6 Technical diving skills that every diver needs to master

We can learn a lot from technical divers. These 6 Technical Diving skills are so important. Regardless of whether we want to progress to become a technical diver or a PADI Instructor, we need to master these 6 skills.

6 Technical diving skills that every diver needs to master

  1. Buoyancy Control – The difference between a good and a great diver
  2. Trim – Conserve energy, be in control and look cool!
  3. Descents – Steady and focused
  4. Ascents – Safe ascent rate
  5. Control of SMB and Lift Bags – Remain tangle free!
  6. Dive Planning – For safety and enjoyment

These skills are a must to master!

Buoyancy Control

Our buoyancy control should feel natural and automatic.

Natural Buoyancy

Our buoyancy needs to be stable without us even being aware of it.

Even in an emergency or any other instance where our focus needs to be elsewhere.
Technical divers’ buoyancy skills are natural and constant. 

How do we reach this natural state of buoyancy control?

Of course, this means practice!

But not simply hovering whenever we’re doing a safety stop or while watching fish.
Most of us can hover stationary while our focus is on buoyancy control.

We need to consciously practice neutral buoyancy while performing distracting tasks, like tying knots, or playing charades while hovering with your buddy.

The more you can stay stable underwater while doing and thinking about other things the better.

The better for you as a diver, for you as an instructor, and for you as a technical diver.

As we start to improve, we can make our practice more challenging by performing complex emergency scenarios mid water without even being aware of our stability in the water. 


Trim is often confused with buoyancy, but both are important to divers.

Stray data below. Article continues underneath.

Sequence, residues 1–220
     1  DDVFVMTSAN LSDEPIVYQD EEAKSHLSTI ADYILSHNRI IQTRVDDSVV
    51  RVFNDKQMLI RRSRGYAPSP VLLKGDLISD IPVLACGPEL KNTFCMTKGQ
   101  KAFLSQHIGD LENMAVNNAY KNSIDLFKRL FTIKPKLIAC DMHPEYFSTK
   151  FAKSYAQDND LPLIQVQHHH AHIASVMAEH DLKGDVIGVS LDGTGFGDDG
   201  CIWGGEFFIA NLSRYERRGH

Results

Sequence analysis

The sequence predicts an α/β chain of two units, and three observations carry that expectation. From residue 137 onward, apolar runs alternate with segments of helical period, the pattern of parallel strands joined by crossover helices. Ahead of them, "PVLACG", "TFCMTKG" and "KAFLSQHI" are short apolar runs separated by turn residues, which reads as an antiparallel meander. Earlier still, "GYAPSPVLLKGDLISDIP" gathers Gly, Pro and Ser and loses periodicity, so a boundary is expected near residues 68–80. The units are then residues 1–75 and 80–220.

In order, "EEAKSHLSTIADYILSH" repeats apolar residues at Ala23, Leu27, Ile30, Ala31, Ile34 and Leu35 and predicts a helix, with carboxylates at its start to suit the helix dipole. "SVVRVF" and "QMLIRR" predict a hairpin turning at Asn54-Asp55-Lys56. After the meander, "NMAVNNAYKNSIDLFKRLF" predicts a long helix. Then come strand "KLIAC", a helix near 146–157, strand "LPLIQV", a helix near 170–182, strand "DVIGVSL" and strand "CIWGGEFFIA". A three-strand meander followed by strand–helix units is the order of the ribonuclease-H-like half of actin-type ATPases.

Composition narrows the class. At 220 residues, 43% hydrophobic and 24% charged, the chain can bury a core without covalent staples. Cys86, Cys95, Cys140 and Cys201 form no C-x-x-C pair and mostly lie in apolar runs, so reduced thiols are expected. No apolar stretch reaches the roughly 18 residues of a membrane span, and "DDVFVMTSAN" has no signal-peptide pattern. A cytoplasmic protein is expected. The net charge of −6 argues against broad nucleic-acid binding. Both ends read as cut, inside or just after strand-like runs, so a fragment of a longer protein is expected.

What is trim, and why is it important when diving?

Trim is often used to describe the position of our body while we’re diving.

We should try to be horizontal and stable as often as possible. 

We reduce our swimming effort by reducing our surface area to water. Consequently, we are more efficient, use less energy and consume less gas.

It’s possible to have perfect buoyancy, but not have perfect Trim. 

An indication of this would be a diver who is neutrally buoyant, and horizontal, BUT their fins are gently moving.
This would indicate that their trim is not quite right. 


This is often more to do with physics than with diving skills. 
It’s to do with the distribution of the weights that they’re wearing. 

How do we improve our Trim when diving?

Once neutrally buoyant, be aware of your body position in the water. 

If you find it a struggle to stay motionless in the water, it’s probably to do with where your weight is on your body. 

I find that usually weight needs to be moved upwards towards your head.

Quick solutions

A couple of quick solutions could be to simply move from wearing a weight belt to using integrated weights. They tend to be a little higher up the body. 

Another quick solution could be to move your cylinder a little higher. 
You might find that it touches the back of your head while you’re diving, so you need to be comfortable. 

Keep experimenting by making small changes to weight positions. 

The effort is definitely worth it! 

Of course this advice is perfect for all divers. Technical or not! 


Controlling your Ascents and Descents are key skills in technical diving. 
They’re also key skills for all divers and instructors. 

Buoyancy and Trim

I guess in simple terms, good descents are really a combination of the two skills that we’ve already discussed

  • Buoyancy
  • Trim